Indian Prime Minister Narendra Modi outlined his vision for the Indo-Pacific region at the IISS Shangri-La Dialogue in Singapore. Modi's speech was at times critical of China's expanding role and behavior in the region.Photo: Reuters/Edgar Su
Indian Prime Minister Narendra Modi outlined his vision for the Indo-Pacific region at the IISS Shangri-La Dialogue in Singapore. Modi's speech was at times critical of China's expanding role and behavior in the region. Photo: Reuters/Edgar Su

The US Department of Defense (DOD) released its first ever Indo-Pacific Strategy Report (IPSR) in the first week of June. The report outlines Washington’s approach in dealing with various stakeholders in the Indo-Pacific region. It identifies China as one of the most important challenges to the US, noting that great-power competition has returned and threatens the stability of the Indo-Pacific region. The report emphasizes the need for alliances and partnerships to maintain peace and security in this region.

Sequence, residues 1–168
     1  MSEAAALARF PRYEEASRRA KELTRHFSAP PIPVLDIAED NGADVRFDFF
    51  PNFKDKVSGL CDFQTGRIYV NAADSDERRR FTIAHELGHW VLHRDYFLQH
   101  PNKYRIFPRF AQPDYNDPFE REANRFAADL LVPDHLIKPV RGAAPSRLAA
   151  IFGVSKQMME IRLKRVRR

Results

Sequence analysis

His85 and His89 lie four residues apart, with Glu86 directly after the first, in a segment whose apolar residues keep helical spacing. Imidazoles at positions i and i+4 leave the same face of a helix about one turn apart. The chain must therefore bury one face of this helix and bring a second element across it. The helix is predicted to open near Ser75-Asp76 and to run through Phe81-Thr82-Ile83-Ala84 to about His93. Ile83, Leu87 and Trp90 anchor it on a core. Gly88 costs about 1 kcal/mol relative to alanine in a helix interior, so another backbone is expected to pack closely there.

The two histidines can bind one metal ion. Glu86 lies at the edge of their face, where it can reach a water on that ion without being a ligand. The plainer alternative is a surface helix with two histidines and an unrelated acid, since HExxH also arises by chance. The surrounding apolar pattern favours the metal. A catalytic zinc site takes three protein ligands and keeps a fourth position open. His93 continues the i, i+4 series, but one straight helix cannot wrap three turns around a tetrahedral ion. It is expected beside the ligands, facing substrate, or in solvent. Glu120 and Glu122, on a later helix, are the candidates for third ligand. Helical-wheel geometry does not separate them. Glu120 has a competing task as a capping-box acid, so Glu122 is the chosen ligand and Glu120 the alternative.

The IPSR identifies India as an important partner of the US. It takes a cue from a speech in 2017 by Rex Tillerson, then the US secretary of state, in which he identified India’s role in United States’ vision of a “free and open Indo-Pacific” (FOIP). India too believes in the principles of FOIP. There are a few parallels in the two countries’ visions for the Indo-Pacific region.


Both the US and India stand for a free, open and stable Indo-Pacific region. US President Donald Trump, in a speech at the APEC summit in 2017, announced that the US was committed to a safe, secure, prosperous and free Indo-Pacific region. The US believes in a rule-based order, where sovereignty for all nations is respected, disputes are resolved peacefully and international rules and norms are followed.

This converges with India’s approach of the Indo-Pacific as an inclusive region, anchoring on peace and prosperity for all stakeholders. Both countries believe in equal treatment of sovereign nation-states, which includes freedom of navigation and overflight.

Both countries view China as a potential challenge, though in different ways. India’s apprehensions are confined more to China’s increasing footprint in the Indian Ocean Region (IOR). Though Prime Minister Narendra Modi, in his keynote address at the Shangri-La Dialogue in 2018, said India’s Indo-Pacific approach was not directed against any country, repeated statements from different government officials indicate otherwise.